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Byzantium civilization

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Byzantium civilization

The Byzantium Civilization started cause of overcrowding in the eight century B.C. that led Greek city-states to send out colonies throughout the Mediterranean basin. In the year of 667 B.C.; Byzas, from the Greek city of Megra, founded Byzantium Civilization at the mouth of the Black Sea. Alexander the Great dominated Byzantium as he built an empire around it stretching from Greece to India. Byzantium was the Christianized eastern part of the Roman Empire. Constantine the Great was a vital figure in the early stages of this civilization. He established toleration for Christianity throughout the Roman Empire and legally transferred his capital from Rome to Constantinople, which is the site of the Greek City of Byzantium. Roman law and political institutions ruled the people there and they spoke Latin and Greek languages. Merchants at this city were able to grow rich cause of its strategic location between the Mediterranean and Black Seas. Constantine liked to import Greek-Roman art from throughout the empire.

Byzantium art focused on human figures. The most prominent figures that were created were Christ, the Virgin Mary, the saints, and the apostles. The emperor was believed to be divinely sanctioned by god. Human figures were portrayed in sculptures in two different styles. One style expressed power, authority, and grandeur. The other style expresses adoration, sympathy, prayer, and distress.

The Attarouthi Treasures consist of fifteen objects: ten chalices, three censers, a wine strainer, and a dove. The artifacts were found buried in the vicinity of the ancient town Attarouthi. This town was a stopping point on the trade routes. The chalices were used to hold wine during the Liturgy. Upright frontal figures decorated most of the chalices with Christ appearing as a beardless young man. The dove represents the Holy Christ that descended over Christ when Saint John baptized him. Crosses and bust-length figures of Christ decorate the censers.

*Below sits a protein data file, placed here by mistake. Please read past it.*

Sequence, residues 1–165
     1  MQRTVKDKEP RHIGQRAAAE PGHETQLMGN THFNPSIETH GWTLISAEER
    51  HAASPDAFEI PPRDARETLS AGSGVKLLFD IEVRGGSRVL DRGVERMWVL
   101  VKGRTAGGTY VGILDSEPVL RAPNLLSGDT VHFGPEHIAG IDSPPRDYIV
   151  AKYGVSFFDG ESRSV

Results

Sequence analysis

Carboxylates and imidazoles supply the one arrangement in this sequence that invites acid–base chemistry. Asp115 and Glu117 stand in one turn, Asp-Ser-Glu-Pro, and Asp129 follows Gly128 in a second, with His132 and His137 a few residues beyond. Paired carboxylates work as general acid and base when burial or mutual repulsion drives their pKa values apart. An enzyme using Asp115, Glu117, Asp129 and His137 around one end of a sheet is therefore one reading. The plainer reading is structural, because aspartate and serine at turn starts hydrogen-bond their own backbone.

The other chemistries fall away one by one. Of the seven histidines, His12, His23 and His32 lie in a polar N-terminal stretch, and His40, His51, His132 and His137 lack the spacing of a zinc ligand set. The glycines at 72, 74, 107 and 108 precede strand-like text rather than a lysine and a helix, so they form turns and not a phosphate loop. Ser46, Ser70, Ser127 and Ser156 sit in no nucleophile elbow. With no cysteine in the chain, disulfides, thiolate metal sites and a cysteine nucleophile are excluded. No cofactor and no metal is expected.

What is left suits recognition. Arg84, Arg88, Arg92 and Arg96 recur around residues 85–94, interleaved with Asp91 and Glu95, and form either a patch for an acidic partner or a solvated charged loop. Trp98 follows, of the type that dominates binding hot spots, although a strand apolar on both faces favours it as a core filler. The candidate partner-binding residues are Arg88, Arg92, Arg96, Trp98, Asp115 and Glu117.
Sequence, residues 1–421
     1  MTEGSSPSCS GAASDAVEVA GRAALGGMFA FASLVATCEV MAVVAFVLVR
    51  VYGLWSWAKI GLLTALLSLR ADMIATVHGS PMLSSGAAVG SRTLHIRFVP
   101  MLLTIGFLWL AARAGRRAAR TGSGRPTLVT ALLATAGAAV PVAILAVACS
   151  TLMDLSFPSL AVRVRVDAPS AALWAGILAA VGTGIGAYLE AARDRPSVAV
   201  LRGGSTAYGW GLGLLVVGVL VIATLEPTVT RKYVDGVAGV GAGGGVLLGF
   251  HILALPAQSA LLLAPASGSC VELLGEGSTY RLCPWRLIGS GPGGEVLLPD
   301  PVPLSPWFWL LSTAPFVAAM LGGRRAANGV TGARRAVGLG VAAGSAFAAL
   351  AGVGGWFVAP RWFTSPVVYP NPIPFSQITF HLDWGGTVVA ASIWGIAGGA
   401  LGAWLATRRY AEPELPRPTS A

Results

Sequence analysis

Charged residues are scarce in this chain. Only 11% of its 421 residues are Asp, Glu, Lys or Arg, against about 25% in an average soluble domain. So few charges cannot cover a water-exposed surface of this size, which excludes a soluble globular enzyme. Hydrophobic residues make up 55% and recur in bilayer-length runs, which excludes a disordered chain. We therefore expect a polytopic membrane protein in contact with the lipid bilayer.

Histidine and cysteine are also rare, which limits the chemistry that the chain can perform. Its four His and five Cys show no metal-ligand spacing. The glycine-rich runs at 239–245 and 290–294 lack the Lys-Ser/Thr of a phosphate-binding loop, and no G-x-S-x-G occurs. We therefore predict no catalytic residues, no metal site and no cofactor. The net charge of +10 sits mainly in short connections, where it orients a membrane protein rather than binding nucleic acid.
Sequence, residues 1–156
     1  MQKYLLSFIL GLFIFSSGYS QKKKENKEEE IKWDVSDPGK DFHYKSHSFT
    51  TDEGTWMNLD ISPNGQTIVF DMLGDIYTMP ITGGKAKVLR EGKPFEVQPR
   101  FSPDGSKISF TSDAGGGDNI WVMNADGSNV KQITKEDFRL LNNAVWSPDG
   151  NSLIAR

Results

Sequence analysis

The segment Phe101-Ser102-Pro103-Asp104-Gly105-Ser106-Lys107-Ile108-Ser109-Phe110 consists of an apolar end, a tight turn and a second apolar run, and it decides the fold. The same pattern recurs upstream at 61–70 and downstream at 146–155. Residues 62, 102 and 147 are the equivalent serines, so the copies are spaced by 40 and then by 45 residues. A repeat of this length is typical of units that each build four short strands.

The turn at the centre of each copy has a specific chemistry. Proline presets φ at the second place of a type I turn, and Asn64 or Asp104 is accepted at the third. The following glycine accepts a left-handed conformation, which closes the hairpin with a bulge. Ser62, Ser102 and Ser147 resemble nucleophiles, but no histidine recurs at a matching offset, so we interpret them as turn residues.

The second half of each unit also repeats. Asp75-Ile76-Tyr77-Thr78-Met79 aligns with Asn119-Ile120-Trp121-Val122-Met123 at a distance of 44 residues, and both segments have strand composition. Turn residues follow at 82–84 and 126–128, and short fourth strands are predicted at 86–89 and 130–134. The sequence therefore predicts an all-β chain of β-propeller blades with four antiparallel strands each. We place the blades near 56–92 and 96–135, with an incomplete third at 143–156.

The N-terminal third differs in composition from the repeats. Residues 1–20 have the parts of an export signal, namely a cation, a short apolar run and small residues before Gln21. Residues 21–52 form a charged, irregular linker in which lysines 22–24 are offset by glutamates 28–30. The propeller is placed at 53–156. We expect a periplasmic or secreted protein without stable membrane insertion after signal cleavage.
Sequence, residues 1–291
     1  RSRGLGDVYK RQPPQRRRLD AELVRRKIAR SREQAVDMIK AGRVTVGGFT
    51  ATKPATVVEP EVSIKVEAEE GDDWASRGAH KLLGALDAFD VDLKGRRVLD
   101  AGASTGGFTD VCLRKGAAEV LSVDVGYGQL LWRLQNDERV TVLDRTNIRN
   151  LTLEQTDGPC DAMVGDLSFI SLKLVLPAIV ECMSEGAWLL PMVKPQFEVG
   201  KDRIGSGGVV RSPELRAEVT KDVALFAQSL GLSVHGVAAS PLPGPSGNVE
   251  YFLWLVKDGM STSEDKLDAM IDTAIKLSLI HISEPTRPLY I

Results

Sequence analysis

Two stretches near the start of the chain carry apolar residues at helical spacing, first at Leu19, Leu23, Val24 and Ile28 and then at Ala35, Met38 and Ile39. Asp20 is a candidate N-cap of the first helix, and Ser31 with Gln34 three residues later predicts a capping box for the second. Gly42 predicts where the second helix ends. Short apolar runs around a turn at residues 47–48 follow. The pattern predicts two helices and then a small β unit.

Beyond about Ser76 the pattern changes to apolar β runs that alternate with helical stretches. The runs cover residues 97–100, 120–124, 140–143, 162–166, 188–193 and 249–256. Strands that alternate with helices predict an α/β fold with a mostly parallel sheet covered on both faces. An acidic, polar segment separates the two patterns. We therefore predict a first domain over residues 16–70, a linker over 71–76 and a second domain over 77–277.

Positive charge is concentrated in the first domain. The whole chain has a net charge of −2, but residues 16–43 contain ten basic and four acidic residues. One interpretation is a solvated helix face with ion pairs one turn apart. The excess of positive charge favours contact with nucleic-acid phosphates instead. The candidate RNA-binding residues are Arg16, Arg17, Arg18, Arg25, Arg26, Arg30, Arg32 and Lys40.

The emperor Maurice Tiberius had a medallion that when put together with twelve gold coins and three other medallions that were identical formed a griddle. Griddles of this type were worn as belts or slashes and sometimes even necklaces. Traditionally the Roman emperor would give medallions and coins as gifts to high-ranking officials or nobles.

The Processional Cross is decorated on both sides with silver-gilt medallions. On the front of the cross, Christ has his right hand raised in blessing and is flanked by Mary on the left side with John the Baptist on the right. The clergy in imperial ceremonies, military campaigns, and liturgical processions carried these crosses. They were also given to the church as gifts for healing and remission of sins. The origin of these crosses is unknown.

The enkolpion is a devotional pendant or medallion that was meant to be worn around the neck. On one side of the pendant bears a picture of Christ and other the other side is the Virgin. Christ holds a book in his left hand and raises his right in blessing. The inscription, on the Christ side reads, ? Jesus Christ King of Glory.? The virgin, on the other side of the medallion, extends her arms in prayer and the inscription reads, ?Mother of God.?",History